Looks like Simon Johnson is advocating using the antitrust laws to limit the size of banks before members of Congress. I'm glad to see the aproach getting some attention. I agree with Mark Thoma that the laws would require some reform in order to apply -- this is about the intrinsic dangers of size rather than the anti-competitive dangers of size -- but I've been convinced since March that the antitrust rubric is the correct way to think about the issue.
The basic principle, after all, should hold for both spheres. Antitrust law is concerned with the dangers that size poses to markets. It offers regulators a usable mechanism for breaking up corporations that grow too large and thus threaten continued competition -- which is to say, threaten the market's continued capacity to function. This crisis has taught us that size can endanger the very survival of the market through means that have nothing to do with noncompetitive behavior. But we're still dealing with the problems that result from too much "bigness," and that's fundamentally the sort of problem that antitrust laws were designed to address. And more broadly, explaining this in terms of antitrust conveys an important point: Regulating bigness is less of an ideologically alien task than some would suggest. We've been doing it, in fact, for a very long time.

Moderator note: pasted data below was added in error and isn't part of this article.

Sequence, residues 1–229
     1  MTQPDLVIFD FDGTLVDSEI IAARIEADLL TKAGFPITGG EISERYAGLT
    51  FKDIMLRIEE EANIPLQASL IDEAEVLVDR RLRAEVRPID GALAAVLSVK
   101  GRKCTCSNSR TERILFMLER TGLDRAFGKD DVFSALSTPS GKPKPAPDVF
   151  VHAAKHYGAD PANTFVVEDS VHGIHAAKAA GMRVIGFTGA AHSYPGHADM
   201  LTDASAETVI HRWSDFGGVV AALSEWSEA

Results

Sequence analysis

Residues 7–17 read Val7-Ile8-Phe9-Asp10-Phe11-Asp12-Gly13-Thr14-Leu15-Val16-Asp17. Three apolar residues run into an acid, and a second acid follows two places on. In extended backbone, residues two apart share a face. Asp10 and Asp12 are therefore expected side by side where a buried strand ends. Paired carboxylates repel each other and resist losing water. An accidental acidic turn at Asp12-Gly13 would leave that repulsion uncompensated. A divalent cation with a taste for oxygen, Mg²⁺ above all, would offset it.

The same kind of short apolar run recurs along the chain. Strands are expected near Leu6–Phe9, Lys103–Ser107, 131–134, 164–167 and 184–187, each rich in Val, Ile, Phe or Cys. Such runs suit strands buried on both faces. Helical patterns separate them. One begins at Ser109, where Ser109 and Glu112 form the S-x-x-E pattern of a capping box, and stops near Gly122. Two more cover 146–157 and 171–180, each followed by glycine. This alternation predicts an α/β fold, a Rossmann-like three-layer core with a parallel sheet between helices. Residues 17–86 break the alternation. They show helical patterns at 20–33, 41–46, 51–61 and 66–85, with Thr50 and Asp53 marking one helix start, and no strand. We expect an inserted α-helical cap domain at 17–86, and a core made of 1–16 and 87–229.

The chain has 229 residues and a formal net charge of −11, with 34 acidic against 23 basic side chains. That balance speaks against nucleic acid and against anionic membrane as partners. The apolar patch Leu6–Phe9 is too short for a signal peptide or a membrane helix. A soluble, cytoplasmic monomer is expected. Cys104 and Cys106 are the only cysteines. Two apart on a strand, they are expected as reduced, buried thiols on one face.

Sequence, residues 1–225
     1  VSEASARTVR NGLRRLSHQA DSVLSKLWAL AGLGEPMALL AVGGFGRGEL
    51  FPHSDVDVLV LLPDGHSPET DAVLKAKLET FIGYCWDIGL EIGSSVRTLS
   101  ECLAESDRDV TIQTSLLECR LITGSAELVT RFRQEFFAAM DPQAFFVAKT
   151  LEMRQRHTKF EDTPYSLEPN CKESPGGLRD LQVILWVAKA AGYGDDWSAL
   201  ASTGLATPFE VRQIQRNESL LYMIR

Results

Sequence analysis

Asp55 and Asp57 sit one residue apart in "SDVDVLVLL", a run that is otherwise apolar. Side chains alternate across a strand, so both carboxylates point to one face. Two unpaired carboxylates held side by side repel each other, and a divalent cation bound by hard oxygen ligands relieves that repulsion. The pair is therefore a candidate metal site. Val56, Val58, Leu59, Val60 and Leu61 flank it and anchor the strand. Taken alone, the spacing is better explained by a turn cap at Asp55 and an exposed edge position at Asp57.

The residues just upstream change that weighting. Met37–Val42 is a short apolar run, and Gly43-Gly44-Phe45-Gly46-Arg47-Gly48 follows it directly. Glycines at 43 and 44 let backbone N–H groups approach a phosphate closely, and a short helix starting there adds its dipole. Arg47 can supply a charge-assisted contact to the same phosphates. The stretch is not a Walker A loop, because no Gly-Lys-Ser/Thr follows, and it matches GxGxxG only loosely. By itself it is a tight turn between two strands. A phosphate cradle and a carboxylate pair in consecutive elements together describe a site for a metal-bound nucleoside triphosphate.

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(If there's one thing we know about comment trolls, it's that they're lazy)